Science Questions

Why do whales beach themselves?

Sun, 29th Nov 2009

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Etienne De Villiers asked:

Why do whales beach themselves?


Helen -   That’s a great question, but unfortunately part of the answer is, we actually don’t know.  In only around half of the whales stranded around the world is a cause found. And there are usually all sorts of things we know can cause whales to beach themselves, often fatally. 

These include things like diseases, trauma if they’ve been hit by a boat or something like that, or an anomaly in magnetic fields.  We know a little about how whales use magnetic fields to navigate. If there’s an anomaly that doesn’t seem to make sense to them, or perhaps a change to a coastline, they might get confused, and that may lead them into an area that can’t escape from and eventually end up on a beach.

Also, things like underwater noise has been implicated including military sonar though there’s very little evidence that is what’s going on.  We need a lot more studies to really understand if that is a problem because whales can be very sensitive to underwater noise.  We know that they can hear each other so if humans are being very noisy, that can certainly is likely to confuse them and end up having these big problems.

You also have to remember that these mass strandings, when lots and lots of whales and dolphins end up on a beach, has been going on for an awfully long time. Since Aristotle's time people have been seeing these mass strandings, so clearly a long time before we were making really big impact on the oceans. 

This means that there must be a natural element to it as well.  There are reports of increased mass strandings at the moment, but there are also more people looking for them and more of us at the coast.  So that might be one reason, and we should really be taking all these things into account when we’re considering what’s causing it, and whether we should be trying to do something to stop it.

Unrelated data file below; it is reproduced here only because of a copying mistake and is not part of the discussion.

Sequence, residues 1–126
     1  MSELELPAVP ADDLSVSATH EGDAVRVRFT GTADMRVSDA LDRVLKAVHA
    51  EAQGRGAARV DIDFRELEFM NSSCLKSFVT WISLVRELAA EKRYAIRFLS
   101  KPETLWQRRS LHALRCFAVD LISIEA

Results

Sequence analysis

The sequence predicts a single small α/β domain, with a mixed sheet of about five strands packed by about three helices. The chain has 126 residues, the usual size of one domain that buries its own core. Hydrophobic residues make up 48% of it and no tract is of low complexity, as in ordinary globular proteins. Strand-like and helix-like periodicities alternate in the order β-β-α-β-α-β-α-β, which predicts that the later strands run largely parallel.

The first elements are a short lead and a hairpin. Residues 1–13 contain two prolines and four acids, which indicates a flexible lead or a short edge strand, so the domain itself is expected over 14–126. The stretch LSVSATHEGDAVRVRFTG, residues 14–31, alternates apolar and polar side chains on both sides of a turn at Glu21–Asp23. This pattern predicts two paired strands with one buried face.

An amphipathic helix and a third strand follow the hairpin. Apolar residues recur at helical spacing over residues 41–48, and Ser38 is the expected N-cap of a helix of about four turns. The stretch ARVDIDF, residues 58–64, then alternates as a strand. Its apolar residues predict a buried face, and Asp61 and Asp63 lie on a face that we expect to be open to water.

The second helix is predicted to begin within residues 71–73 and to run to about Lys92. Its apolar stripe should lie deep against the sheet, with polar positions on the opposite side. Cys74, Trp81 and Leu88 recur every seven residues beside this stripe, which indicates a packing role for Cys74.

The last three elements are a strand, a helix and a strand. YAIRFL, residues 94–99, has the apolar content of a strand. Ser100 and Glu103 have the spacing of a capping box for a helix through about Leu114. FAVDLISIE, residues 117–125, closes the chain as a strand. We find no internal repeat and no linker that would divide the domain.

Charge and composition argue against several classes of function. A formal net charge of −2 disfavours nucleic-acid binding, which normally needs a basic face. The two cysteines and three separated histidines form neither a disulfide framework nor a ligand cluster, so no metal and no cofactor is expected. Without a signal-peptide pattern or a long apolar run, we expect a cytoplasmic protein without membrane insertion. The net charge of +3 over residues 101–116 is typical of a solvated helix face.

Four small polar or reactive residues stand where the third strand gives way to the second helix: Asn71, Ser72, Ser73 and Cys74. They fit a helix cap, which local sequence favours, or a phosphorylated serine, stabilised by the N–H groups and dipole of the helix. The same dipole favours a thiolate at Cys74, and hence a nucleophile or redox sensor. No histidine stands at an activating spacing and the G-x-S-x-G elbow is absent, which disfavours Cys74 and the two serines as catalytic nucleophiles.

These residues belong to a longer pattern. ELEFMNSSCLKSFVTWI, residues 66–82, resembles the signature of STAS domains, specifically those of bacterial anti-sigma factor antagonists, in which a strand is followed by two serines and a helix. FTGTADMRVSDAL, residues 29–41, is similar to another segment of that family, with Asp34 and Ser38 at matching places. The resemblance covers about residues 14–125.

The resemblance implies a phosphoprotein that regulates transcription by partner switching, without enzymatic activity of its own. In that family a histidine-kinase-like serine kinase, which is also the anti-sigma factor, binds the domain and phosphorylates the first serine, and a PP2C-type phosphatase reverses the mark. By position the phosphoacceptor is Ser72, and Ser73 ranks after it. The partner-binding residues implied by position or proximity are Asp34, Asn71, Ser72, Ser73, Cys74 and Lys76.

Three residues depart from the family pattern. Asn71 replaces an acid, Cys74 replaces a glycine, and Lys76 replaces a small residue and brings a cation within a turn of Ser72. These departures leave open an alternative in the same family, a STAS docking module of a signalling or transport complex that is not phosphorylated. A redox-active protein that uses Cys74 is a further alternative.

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This is a real puzzle.

It may be due to distortions in the Earths magnetic field, although it is questionable whether whales use this field for navigation.

It may be due to shipping. In 2002, 14 beaked whales came ashore in the Canary Islands. Navy ships in the area were using active sonar.

Some may come ashore due to illness making them too weak to swim. Or it could be that they come into shallow water for support during this time to avoid drowning and get washed further inshore than they intended by waves or left in too shallow water by receding tides.

Only a couple of days ago 55 False Killer Whales beached near Cape Town. Volunteers helped them back into the water, but they turned back and beached themselves again.

It has also been suggested that it could be due to pollution, but this strange phenomenon is known to have been going on for hundreds of years, so man cannot be blamed for this.

The fact is, we just don't know the answer to this question. Read this interview with DARLENE KETTEN Don_1, Fri, 5th Jun 2009